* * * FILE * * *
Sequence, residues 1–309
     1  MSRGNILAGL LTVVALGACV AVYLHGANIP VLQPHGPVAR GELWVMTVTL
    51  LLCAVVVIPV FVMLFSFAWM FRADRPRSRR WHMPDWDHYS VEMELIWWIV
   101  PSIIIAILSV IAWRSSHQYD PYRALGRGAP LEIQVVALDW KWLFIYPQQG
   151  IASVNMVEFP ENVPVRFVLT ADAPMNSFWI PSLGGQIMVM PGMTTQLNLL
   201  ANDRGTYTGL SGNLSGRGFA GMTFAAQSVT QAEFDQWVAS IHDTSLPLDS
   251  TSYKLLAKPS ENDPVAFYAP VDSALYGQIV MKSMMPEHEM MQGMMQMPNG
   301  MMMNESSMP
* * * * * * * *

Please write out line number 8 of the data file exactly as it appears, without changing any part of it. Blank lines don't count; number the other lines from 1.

   301  MMMNESSMP